Every now and then I look at my old life and my new life and wonder which is better.
Last year, I worked at a frustrating job where I had to fit in as much writing time as I could in my windows of spare time. All I could think about was how nice it would be to write all day with no distractions.
Now I write from home full time, and oddly, some of the writing "spark" is gone. I remember being so on fire at work that when my lunch hour was over, I'd close my Word document feeling angry and resentful that I had to stop. I haven't been on fire like that since I quit.
It's baffled me for six months why my writing career feels less like a passion and more like a chore. Finally, I decided I must be falling prey to the most debilitating question a writer can ask:
Am I wasting my time?
When I was at a job where there was hardly any work, all I did was waste time until I could go home. Instead of doing things that were the most worthwhile, I did things that were the most fulfilling. Writing was what got me through the day.
At home, I ask myself every single minute if what I'm doing is worth giving up that job. If the answer is no, I find it next to impossible to do it. Sometimes the answer is always no and I find myself doing nothing at all.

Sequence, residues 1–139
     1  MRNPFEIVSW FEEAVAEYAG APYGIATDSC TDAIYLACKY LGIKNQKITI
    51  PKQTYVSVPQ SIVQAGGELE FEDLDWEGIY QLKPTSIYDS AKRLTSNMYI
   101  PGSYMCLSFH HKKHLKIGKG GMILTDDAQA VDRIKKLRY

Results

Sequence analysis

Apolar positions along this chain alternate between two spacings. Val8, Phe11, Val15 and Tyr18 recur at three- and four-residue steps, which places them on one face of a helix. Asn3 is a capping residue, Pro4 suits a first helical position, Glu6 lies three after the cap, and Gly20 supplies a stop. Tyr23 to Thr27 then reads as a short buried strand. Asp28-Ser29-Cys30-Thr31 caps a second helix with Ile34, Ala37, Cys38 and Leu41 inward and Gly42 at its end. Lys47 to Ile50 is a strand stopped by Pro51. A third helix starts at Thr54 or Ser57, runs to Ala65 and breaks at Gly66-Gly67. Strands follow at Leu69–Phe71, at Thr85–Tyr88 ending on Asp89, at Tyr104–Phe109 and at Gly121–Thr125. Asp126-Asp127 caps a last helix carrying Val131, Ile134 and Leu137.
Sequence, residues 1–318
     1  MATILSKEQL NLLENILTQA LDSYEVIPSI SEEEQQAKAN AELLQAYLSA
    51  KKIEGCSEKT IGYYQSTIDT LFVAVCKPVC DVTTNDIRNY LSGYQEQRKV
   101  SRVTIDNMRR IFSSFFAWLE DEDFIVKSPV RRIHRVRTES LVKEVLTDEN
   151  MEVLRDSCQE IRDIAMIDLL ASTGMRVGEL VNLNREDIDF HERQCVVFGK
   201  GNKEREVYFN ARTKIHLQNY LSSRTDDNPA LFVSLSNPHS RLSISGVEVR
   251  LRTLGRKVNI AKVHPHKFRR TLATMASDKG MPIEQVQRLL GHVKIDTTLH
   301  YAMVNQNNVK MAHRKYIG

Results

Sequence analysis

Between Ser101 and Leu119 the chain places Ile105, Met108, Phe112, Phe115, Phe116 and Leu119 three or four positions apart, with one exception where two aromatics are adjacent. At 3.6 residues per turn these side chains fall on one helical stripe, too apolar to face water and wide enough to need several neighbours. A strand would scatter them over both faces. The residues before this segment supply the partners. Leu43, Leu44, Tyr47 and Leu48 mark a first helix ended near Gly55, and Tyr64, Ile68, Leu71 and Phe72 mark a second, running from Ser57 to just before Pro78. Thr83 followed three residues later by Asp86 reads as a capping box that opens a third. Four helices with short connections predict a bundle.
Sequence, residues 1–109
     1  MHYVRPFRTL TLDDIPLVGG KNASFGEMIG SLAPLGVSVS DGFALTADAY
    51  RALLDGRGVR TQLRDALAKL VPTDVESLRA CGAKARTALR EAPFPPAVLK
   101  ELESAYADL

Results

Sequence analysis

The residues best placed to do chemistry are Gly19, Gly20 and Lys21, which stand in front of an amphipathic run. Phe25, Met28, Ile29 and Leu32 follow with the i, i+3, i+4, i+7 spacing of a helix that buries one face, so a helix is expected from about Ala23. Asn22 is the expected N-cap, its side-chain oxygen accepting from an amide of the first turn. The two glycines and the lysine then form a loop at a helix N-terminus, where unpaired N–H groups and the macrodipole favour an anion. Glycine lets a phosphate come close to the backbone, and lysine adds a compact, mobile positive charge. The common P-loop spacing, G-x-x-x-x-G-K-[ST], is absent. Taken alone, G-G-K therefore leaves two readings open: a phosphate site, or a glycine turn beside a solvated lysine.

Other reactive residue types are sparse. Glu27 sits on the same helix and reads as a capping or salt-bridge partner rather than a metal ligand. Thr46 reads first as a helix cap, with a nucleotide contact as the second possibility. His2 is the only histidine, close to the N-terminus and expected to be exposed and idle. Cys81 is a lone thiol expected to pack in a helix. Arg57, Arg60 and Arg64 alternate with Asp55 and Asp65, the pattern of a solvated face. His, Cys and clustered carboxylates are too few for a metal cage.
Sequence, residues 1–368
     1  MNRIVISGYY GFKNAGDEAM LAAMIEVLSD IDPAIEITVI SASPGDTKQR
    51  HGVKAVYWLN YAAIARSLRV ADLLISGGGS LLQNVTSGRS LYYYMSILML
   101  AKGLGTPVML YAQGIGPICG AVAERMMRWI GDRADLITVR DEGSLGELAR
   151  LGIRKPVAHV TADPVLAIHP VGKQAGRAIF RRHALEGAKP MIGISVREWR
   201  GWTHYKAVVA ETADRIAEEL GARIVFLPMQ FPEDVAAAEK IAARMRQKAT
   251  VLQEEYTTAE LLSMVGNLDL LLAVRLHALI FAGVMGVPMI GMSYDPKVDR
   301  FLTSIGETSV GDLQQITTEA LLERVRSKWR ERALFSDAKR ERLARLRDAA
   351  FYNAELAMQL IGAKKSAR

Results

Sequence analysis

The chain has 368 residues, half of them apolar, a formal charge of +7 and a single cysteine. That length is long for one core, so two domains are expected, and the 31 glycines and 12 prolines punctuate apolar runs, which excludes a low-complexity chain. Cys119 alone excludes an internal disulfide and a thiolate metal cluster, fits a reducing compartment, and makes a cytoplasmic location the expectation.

The problem is I'm working on a rough draft. When I revise Sacred Fire (a novel I've worked on for five years), it's easy to spend hours on it because it's a semi-finished product. It's polished and beautiful, so I know the work I put into it is worthwhile.
Voodoo Queen, on the other hand, is a horrid mess. I wouldn't show it to someone even under torture. It's hard to put so much faith into such an ugly little thing.
One thing has saved me: my Work Diary. I've kept one for the past two years, and I read it over every now and then to remind myself how unhappy I was before I quit working. By keeping track of my progress every day, I know that even if I'm upset with myself for not being more productive, I'm still getting much more done than before.
John Lennon once said, "The time you enjoy wasting is not wasted time." I need to post that in big letters on my desk. No more pressure and guilt; I need to give myself permission to waste time writing.
It sounds contradictory, but it's not. When I write a scene, instead of constantly asking myself, "Am I just going to cut this scene later?" I should say, "I enjoy writing this scene." When I'm blogging, instead of asking, "Does anyone even read this?" I should say, "I enjoy blogging" and go for it.
It's something I'm still working on.